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Thousands of tickets fail to solve beachside parking problem


The City of Vero Beach issued more than 4,000 parking tickets over the past year, and more than 60 percent of those annoying little slips of paper were given out on Ocean Drive and at Sexton Plaza.

But the island parking problem they were intended to help with – a problem that has plagued beachside shops and restaurants for years – has not improved.

In fact it seems to be getting worse.

Some people do not pay the tickets, especially tourists driving rental cars, and for others the fines are just part of the cost of doing business.

A banker who works on the island frequently pilots his SUV into one of the many 2-hour-limit slots along Ocean Drive and, also frequently, doesn’t bother to move the vehicle before 2 hours have passed.

As a result, he was ticketed 28 times between July 1, 2016 and June 30, 2017, but it doesn’t seem to have bothered him. He paid the $20 fine for all 28 tickets – a total of $560 – and quite possibly is hogging a space today.

Similarly, a local woman was issued parking tickets 21 times – including one on Valentine’s Day. At some point the next day, on Feb. 15, another was affixed to her windshield.

Occupying a parking space for too long is the most frequently ticketed offense, but Vero Beach Police Lt. Kevin Martin said vehicles are also ticketed for parking in handicap spaces and for backing into the angled spaces.

“When they pull out of the angled spaces, it places that vehicle into oncoming traffic,” Martin explained.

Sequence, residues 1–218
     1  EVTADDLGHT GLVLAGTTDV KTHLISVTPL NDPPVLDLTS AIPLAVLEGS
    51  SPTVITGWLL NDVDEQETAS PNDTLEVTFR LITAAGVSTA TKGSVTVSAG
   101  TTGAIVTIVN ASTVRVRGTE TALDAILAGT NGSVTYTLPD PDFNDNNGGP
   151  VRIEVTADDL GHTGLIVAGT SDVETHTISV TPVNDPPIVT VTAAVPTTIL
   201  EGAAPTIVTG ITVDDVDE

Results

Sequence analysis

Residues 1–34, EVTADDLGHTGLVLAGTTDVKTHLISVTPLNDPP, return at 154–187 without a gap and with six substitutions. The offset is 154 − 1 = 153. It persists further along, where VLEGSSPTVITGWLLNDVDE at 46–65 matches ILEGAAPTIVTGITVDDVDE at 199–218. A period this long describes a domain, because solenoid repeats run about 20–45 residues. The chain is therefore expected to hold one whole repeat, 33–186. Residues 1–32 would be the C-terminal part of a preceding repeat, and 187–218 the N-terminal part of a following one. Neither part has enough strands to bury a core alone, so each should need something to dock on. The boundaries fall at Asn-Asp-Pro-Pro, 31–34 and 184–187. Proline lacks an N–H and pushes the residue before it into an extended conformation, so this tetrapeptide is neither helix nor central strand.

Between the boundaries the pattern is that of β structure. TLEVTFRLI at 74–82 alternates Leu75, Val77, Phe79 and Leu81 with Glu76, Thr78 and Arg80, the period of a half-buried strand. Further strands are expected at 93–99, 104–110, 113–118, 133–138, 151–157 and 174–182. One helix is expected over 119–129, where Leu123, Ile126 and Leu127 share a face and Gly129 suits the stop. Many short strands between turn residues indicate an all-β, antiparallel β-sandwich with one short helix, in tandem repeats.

Those and other offenses can increase fines. Blocking a fire lane will cost the offender $30. Illegally parking in a handicap space will run $200. Arguing too much with the officer issuing a parking ticket could cost you $100.

According to Martin, several years ago 2-hour parking spaces were the law. A movement meant to entice visitors to stay longer at the beachfront led to increasing the limit to 3 hours. Businesses failed to reap the foot traffic they’d hoped for, so in early 2016 timed parking reverted to two hours.

“It wasn’t us looking to write a bunch of tickets,” explained Anna Carden, Public Information Officer for Vero Beach Police. “It was the business owners who lobbied for a return to the shorter time limit.”

It’s also become a political issue. Local ophthalmologist Val Zudans is running for a seat on the Vero Beach City Council. His election flyer lists Ocean Drive parking as one of the issues he intends to tackle.

Good luck. Police say few hotels on the beach provide on-site parking for their employees and storeowners note that up to three times a day hotel workers come out en masse to move their vehicles to different parking spaces, continuing to occupy spots needed by customers while avoiding the $20 fine.

“Sometimes you see the workers come out to move their cars,” said Melissa Arduini as she manned a register at The Beach Shop on Ocean Drive. She also related a tale of one worker who supposedly lost his job after parking in a space reserved for his boss.

A few doors down from The Beach Shop, Leslie Mather and her daughter were serving customers at the Countryside Citrus store.

“I can say it has hurt our business,” Mather said of the congested parking on Ocean.

A short-lived shuttle didn’t help. Workers were supposed to park in Riverside Park and ride the free bus to their hotel and retail jobs, but no more than a handful ever did.

Now the city is taking another crack at the problem. City Council recently directed the Planning and Zoning Board to come up with recommendations on how to ease parking along the stretch of Ocean Drive most frequented by tourists and beachgoers.

Paid parking may be the only thing that will really work, and city officials say they are open to that idea – not meters, but the kind of setup where you put money in a machine and put a paid slip on your dash.